Where is it?:
Here, on a lot most recognizable for a Denny’s restaurant, it’s a short walk away from the Marine Drive Canada Line station, as well as Marine Gateway’s T&T Foods, and Cineplex.

What will it contribute to the community?:
Aside from the already mentioned affordable housing, and daycare spaces, it will pay $12.7 million in levies to maintain our city’s infrastructure. Its large size means it must provide $900,000 worth of public art too (pg 18).

What has changed since it was first proposed?
As a somewhat contradictory condition of its approval, city staff are demanding a reduction in its overall height, yet insist the design should be enhanced to contribute more to the area’s skyline (pg 25).

What was the open house like?:
A virtual ghost town because, as you can see here, none of the 3,600 households notified about it bothered to ask a single question (pg 53).

What are its strengths?:
We imagine plenty of parents will be interested in the daycare spaces, or the affordable housing, but it’s worth mentioning that city staff sculpted the height to ensure it doesn’t shadow Ash Park in the spring, summer, or fall.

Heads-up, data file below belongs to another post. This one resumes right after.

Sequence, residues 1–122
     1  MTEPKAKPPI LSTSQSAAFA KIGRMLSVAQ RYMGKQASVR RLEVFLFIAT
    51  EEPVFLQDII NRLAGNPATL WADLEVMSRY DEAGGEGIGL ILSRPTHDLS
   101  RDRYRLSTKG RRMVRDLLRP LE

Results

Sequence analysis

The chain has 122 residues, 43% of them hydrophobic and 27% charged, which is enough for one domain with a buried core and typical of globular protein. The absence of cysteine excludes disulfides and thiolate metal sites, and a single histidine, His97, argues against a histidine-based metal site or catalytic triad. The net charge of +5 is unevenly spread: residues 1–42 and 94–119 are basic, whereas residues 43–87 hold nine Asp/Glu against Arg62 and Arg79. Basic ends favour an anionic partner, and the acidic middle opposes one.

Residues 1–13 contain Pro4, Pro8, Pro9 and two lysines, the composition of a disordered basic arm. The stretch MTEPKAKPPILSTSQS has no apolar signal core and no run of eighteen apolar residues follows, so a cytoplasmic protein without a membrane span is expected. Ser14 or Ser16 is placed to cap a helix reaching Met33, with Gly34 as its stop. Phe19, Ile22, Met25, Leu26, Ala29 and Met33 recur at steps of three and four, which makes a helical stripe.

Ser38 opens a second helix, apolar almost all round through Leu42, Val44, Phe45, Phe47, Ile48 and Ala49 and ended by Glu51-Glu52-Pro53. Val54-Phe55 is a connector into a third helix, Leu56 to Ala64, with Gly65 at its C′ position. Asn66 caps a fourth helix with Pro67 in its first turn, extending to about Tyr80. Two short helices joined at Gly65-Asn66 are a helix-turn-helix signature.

What are its weaknesses?:
The new mid-block pedestrian connector, and its plaza terraces look nice, but how will they accommodate those pushing carriages or using mobility devices is another question.

What is the opposition like?:
Only three people have expressed concern about how this building will affect the area’s detached homes, and their availability of street parking (pg 54).

Want to speak up?:
You can submit your comments using this online form, or register to speak by phone, or in-person here.

The Second Item – 2037-2061 E Broadway – Low

What is it?:
Similar to several other approved projects on this stretch of East Broadway, this six floor building will provide 54 strata homes as envisioned by the Grandview Woodland Community Plan (pg 122) and View Cone 27.2.

Where is it?:
Here, replacing four owner-occupied detached homes that are a stone’s throw from Laura Secord Elementary, and less than 10 minute walk from the Broadway Commercial Transit Station.

What will it contribute to the community?:
It will pay ~$1.2 million in fees used to provide better city infrastructure, like improved street lighting, with another ~$710 thousand going towards creating new amenities specifically in this neighbourhood (pg 10 & 11).

What has changed since it was first proposed?
City Staff may have implemented the Urban Design Panel’s advice to force a more unified appearance on this structure, but ignored their plea to leave the children’s play area where the applicant team originally wanted it (pg 15).